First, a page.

When you’re faced with a competitive market, your pricing and features aren’t the only selling point that customers make decisions with. If the process to purchase and learn more about the benefits of your product are more streamlined — you’ve got a leg up on the competition.

Let’s take a look at the car dealership example when a customer came onto the lot.

Approaching them for the first time was when stress was the highest for both parties. As the sales associate, you were scared to make the intro and discover who you were greeting. For the customer? They already had a stereotype of you as the salesperson baked into their memory.

Having a soft opening and clear value proposition was important. Within the first few minutes of the greeting, I would let them know we were a family-owned dealership.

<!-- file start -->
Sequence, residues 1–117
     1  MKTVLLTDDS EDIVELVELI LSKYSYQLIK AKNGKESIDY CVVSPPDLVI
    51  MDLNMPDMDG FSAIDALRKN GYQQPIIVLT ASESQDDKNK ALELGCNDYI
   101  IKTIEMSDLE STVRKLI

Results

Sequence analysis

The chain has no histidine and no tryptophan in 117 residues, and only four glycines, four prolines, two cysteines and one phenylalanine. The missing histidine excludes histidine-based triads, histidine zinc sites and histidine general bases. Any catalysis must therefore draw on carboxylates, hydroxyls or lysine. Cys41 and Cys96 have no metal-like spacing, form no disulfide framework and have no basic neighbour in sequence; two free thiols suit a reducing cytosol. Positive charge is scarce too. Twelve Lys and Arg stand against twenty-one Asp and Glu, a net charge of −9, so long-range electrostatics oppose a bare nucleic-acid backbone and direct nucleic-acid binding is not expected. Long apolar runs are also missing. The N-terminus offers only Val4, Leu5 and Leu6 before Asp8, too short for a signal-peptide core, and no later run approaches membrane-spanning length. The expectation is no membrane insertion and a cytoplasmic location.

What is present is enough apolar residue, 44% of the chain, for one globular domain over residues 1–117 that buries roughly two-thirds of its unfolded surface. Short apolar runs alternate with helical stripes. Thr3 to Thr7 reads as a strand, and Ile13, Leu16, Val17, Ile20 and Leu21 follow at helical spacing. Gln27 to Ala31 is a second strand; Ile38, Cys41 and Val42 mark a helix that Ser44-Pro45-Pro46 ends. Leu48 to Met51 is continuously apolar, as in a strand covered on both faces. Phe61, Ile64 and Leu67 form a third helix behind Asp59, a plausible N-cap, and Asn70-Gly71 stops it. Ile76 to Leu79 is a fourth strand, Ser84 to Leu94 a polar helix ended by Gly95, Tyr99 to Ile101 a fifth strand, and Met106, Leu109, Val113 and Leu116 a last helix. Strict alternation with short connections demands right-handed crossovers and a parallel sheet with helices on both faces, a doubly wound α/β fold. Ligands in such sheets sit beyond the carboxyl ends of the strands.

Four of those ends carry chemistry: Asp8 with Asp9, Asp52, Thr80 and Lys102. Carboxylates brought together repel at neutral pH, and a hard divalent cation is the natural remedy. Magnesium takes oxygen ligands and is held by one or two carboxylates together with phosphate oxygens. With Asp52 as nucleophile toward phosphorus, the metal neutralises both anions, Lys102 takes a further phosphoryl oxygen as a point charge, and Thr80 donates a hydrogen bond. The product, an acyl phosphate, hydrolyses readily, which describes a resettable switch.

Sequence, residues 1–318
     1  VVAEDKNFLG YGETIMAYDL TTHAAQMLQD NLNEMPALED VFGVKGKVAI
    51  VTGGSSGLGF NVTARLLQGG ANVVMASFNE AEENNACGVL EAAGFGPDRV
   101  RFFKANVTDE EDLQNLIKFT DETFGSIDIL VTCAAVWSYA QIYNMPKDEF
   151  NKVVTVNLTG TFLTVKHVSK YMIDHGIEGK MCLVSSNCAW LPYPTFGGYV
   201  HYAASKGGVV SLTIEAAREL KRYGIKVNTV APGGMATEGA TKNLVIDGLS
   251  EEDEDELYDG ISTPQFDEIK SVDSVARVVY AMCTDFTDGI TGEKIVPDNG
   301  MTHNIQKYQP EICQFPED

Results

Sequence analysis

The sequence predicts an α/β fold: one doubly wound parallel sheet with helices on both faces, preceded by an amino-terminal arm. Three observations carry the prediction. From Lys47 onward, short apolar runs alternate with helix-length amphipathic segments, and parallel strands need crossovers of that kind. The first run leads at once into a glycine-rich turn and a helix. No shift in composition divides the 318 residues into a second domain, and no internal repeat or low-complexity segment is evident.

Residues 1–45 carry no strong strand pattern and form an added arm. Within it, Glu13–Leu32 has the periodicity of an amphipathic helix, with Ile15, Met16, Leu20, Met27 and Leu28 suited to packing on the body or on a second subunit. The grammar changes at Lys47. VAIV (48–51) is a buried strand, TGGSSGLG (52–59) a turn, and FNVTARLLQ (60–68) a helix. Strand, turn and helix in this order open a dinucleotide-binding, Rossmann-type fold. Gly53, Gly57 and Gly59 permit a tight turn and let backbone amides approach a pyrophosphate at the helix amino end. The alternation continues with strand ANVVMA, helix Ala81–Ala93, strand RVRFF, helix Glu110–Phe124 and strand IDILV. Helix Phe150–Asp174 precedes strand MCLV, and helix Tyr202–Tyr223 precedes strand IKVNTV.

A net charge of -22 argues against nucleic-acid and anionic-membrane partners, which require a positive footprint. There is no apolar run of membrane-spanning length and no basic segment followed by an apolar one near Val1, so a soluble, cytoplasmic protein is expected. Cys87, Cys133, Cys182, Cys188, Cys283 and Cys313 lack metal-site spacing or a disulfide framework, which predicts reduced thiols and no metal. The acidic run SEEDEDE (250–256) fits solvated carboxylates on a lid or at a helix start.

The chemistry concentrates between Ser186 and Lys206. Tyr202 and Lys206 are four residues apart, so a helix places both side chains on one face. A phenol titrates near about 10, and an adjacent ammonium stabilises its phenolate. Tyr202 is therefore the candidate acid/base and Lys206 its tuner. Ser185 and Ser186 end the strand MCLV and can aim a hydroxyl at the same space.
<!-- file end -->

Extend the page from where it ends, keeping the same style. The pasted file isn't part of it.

That did two things: 

  1. Let them know we weren’t a big high-pressure dealership.
  2. Reinforce that we were smaller, which meant our prices probably wouldn’t be the cheapest, but that we spent more time on the individual customer.

If we made it beyond that step, I would introduce them to the different areas of the dealership. We’d go from the service department, to the parts department, and end back up on the sales floor. I would make sure they could find everything and everyone they needed when the time came.

Can you translate this to your own website or software product? Sure you can. You have a nice walkthrough of the features, how to find support pages or an FAQ section, then you wind up at the buy now page. Sounds like the typical funnel, but you would be amazed at how many people miss this — or don’t do it very well.

The delivery

My grandfather would always tell me that this was the most important moment of the sale. All of the hard work and discussion prior to this didn’t mean anything if the customer picked up a dirty car.